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Saints mailbag: Should fans cheer for the Rams or Bears on Sunday night?

The New Orleans Saints have a chance to clinch the 2018 NFC South championship with a win on Sunday over the Tampa Bay Buccaneers.

For some reason, though, that game wasn’t top of mind for most fans who submitted questions for this week’s mailbag. Some focus on the future while others wonder about some of the decisions the Saints are making on offense.

Now, onto the questions.

Let’s consider the possibilities here. The Rams 11-1, and the Bears are 8-4. If the Saints (10-2) beat the Buccaneers, a Bears win over the Rams would boost the Saints back in the No. 1 seed with three games remaining — because the Saints beat the Rams back in Week 9 — while a Rams win would make it easier for the Saints to secure a top-two seed.

The No. 1 seed should be the top target for the Saints. Even though they’ve been equally good on the road as at home this year, everyone on the team would like to have home-field advantage throughout the playoffs. Fans shouldn’t settle for silver. Go for gold.

Obviously, there’d be a benefit for the Saints if the Bears lose because it would create less competition for the No. 2 seed. At No. 2, the Saints would have at least one home playoff game.

Still, the No. 1 seed should be the goal, and the Rams could easily win out as their remaining games are home against the Eagles, road against the Cardinals and home against the 49ers.

The Bears slate is slightly tougher after this as they finish home against the Packers before going on the road against the 49ers and Vikings.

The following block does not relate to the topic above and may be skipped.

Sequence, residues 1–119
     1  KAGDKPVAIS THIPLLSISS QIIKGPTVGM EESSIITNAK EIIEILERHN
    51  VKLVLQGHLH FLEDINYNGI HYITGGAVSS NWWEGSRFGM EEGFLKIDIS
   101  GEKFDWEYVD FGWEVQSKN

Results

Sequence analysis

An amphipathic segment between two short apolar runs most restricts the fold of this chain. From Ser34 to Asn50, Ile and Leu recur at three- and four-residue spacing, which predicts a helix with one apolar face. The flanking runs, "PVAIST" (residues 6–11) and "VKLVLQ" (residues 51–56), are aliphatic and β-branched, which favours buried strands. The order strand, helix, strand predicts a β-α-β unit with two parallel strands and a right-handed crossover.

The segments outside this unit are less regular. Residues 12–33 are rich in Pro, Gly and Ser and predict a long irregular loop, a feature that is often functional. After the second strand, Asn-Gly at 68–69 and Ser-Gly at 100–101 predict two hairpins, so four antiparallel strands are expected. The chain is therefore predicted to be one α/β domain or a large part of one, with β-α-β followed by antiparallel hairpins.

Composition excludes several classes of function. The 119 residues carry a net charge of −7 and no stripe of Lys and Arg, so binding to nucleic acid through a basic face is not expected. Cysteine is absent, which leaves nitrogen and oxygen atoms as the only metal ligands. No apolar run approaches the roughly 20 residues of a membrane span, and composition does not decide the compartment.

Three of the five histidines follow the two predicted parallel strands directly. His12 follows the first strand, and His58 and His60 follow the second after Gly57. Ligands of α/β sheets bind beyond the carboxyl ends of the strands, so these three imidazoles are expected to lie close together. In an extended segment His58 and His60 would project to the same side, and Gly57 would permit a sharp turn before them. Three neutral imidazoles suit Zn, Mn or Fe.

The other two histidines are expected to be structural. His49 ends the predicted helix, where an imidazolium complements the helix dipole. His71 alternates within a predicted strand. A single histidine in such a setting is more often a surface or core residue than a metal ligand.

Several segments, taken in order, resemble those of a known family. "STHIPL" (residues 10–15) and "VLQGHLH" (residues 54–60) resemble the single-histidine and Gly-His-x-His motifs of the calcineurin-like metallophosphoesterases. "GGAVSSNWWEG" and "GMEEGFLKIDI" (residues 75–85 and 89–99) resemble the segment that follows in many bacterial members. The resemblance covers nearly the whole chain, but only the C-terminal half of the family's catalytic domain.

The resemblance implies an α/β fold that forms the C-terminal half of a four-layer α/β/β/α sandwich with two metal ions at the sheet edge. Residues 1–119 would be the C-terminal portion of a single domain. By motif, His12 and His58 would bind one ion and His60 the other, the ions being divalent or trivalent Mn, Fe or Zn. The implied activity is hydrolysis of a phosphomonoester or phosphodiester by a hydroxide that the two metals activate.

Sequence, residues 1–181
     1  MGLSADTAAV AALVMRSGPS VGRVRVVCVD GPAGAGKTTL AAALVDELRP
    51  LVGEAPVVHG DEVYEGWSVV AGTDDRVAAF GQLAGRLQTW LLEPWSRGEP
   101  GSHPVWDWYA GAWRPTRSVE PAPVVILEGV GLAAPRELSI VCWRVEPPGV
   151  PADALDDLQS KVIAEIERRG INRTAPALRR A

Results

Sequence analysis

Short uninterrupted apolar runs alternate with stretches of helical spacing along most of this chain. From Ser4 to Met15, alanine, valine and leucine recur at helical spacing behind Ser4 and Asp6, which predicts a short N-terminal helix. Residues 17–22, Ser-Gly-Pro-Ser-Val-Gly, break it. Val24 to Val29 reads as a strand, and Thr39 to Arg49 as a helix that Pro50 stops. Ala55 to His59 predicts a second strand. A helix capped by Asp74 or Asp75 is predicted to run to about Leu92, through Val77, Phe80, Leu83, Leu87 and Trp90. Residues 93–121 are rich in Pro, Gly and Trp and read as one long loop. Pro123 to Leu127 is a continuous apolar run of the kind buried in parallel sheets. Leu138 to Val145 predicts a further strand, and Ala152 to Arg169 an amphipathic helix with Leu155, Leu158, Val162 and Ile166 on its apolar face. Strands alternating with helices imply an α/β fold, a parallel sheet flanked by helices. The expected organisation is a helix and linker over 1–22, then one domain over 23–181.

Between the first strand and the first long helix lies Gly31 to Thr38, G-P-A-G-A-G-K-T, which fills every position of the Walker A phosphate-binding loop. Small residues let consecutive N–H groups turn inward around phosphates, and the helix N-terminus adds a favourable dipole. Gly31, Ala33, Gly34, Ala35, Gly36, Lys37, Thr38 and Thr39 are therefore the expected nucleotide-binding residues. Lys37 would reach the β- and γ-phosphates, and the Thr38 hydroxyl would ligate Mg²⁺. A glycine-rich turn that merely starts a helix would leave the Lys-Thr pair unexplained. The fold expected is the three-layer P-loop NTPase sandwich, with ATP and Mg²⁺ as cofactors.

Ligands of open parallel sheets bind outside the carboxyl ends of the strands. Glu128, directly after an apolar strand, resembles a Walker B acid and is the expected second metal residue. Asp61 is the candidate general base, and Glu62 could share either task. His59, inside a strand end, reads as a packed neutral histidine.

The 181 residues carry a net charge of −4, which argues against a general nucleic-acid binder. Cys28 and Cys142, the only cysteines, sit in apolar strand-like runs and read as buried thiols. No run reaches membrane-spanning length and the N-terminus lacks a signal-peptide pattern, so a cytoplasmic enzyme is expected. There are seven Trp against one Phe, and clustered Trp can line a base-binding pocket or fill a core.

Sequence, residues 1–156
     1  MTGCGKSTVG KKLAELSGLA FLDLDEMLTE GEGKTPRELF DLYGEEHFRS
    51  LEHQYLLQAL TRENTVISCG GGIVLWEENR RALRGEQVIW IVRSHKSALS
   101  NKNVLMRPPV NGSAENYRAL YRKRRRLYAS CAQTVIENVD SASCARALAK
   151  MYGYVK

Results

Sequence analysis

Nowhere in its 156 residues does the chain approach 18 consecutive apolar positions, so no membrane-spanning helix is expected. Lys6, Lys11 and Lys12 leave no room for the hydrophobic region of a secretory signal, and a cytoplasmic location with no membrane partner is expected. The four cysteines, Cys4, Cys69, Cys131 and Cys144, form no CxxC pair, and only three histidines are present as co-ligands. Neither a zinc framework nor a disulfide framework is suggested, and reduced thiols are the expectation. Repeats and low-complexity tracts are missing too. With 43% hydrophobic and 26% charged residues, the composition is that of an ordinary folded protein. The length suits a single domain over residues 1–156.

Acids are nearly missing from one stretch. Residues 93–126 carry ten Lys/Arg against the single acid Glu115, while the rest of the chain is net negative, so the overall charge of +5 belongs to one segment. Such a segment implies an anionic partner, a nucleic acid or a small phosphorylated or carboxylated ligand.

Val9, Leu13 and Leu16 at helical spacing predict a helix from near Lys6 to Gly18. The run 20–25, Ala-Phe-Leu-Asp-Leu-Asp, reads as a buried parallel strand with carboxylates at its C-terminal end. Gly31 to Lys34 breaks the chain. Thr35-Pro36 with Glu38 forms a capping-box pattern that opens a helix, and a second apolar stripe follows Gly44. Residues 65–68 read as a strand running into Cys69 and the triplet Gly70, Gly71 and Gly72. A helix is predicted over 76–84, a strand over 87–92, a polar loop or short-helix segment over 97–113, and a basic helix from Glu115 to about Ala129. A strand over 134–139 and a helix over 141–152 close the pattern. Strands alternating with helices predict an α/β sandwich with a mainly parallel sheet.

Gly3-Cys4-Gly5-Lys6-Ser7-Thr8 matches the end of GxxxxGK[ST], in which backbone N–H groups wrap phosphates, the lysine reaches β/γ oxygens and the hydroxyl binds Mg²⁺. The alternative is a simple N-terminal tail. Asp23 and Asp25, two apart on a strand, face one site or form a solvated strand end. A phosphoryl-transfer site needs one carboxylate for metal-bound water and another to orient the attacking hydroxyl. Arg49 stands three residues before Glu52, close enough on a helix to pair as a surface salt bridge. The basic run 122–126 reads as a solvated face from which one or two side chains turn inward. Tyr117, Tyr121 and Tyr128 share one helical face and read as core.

So, let’s say Saints fans should cheer for the Rams on Sunday night.

Saints center Max Unger providing security, comfort for Drew Brees the past 4 seasons

Unfortunately, I don’t have any information about Terron Armstead’s injury beyond what is listed on the injury report.

After missing the previous three games because of a pectoral muscle injury, Armstead returned to practice this week and was limited Wednesday and Thursday before sitting out Friday and being ruled out for Sunday’s game.

I don’t want to speculate on Armstead’s injury specifically, but typically, a guy practicing less on Friday than Wednesday or Thursday indicates a setback. The other possibility is that Armstead didn’t feel ready, so the Saints just wanted to give Jermon Bushrod all the reps at left tackle and let Armstead rest more. Hopefully, we’ll find out more next week.

This is a question I’ve debated for most of this year, and it’s one that I still honestly don’t know. Personally, I hope the Saints re-sign Ingram because I enjoy talking to him, but the NFL is often a ruthless business.

My gut tells me there’s a 30 percent chance Ingram will be back next year, and that’s higher than I thought before the season began.

I imagine Ingram would like to finish his career with the Saints, and even though the Saints probably want to keep the Boom and Zoom tandem with Alvin Kamara intact, they might not be able to afford to keep Ingram.

Before this season, I thought Ingram was as good as gone in 2019. It’s sensible business not to pay an aging running back when there’s a young stud already on the roster, and after he received a suspension to begin the year, I figured the Saints had soured on him.